1. Work aggressively to pursue the opening of foreign markets to U.S. textiles and apparel in any future trade agreements, making reciprocal market access in the textile and apparel market a priority in trade.
2. Place high priority on enforcing existing trade agreements and closely monitor foreign textile
3. Resist efforts on the part of some developing countries to accelerate the textile quota phase-out now scheduled to be completed by 2005, noting that the Agreement on Textiles and Clothing covering quotas was carefully balanced to provide the U.S. industry with a gradual transition to eventual removal of all quotas.
4. Help U.S. textile companies take advantage of the benefits of U.S. tariff preference programs, including the Caribbean Basin Trade Partnership Act and the African Growth and Opportunity Act. This will emphasize requirements to use U.S.-manufactured yarn and fabrics.
5. Conduct market promotion programs with a variety of trade shows, seminars and other events under the Commerce Department’s Export Promotion Program.
6. Combat illegal textile transshipments by strengthening customs enforcement both under U.S. Customs laws and in connection with any future trade agreements, ensuring that they include clear and enforceable rules of origin.
7. In connection with the administration’s program to assist Pakistan in return for its support of the anti-terrorist program, to work with Congress to minimize the impact of any such efforts on the U.S. textile and apparel industry.
8. Expand the Trade Adjustment Assistance Program to better address the needs of textile and apparel workers who lose their jobs as a result of international trade.
9. Enforce anti-dumping and other trade remedy laws generally and on behalf of the textile industry in particular.
While the Evans letter outlines a comprehensive approach to addressing textile trade issues, much of what is contained in the letters depends on just how diligent and effective the administration will be in following through on its promises and to what extent Congress will go along with them.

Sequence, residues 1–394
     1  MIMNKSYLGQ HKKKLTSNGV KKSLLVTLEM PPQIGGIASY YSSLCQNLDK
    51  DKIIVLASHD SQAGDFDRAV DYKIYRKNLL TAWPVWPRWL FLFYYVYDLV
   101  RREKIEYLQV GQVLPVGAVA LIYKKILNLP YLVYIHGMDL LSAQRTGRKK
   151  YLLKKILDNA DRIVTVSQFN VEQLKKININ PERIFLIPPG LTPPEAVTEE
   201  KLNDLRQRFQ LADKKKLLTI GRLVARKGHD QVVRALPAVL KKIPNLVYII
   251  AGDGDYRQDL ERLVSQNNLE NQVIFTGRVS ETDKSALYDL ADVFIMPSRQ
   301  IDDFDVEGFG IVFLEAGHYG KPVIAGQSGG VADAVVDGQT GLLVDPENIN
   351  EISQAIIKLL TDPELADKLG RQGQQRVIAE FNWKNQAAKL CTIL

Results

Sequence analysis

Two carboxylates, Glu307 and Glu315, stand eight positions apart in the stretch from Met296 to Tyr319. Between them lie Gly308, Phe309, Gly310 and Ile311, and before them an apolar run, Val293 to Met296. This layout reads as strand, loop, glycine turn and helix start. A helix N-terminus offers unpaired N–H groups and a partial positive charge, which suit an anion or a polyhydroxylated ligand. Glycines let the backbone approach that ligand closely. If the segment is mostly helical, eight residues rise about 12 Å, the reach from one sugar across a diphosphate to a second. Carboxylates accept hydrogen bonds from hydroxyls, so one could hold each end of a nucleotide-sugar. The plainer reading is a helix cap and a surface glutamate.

OSHA Agrees To Reporting Changes
An agreement between the National Association of Manufacturers and the Occupational Safety and Health Administration (OSHA) to modify new reporting rules, which go into effect this month, incorporates some changes supported by the textile industry. Key among the changes is an agreement that during the first 120 days after January 1, OSHA compliance officers will not issue citations for violation of the new rules if employers can demonstrate they are making a good-faith effort to comply. OSHA also agreed to clarify its definition of work-related injuries. The agreement does not affect OSHA’s earlier decision to delay implementation of three other provisions of the rule for at least a year. Those provisions include criteria for recording work-related hearing loss, the rule’s definition of musculoskeletal disorders and the method for reporting such disorders. Additional information about the new reporting rules is available on OSHA’s website: www.osha.gov.
Editor’s Note: Blending the best of Textile Industries and Textile World, the new Textile World will continue to publish James A. Morrissey’s Washington Outlook column.
Accredited by the U.S. Congress Periodical Press Association, Morrissey has reported extensively on Washington developments affecting the textile industry for more than 30 years.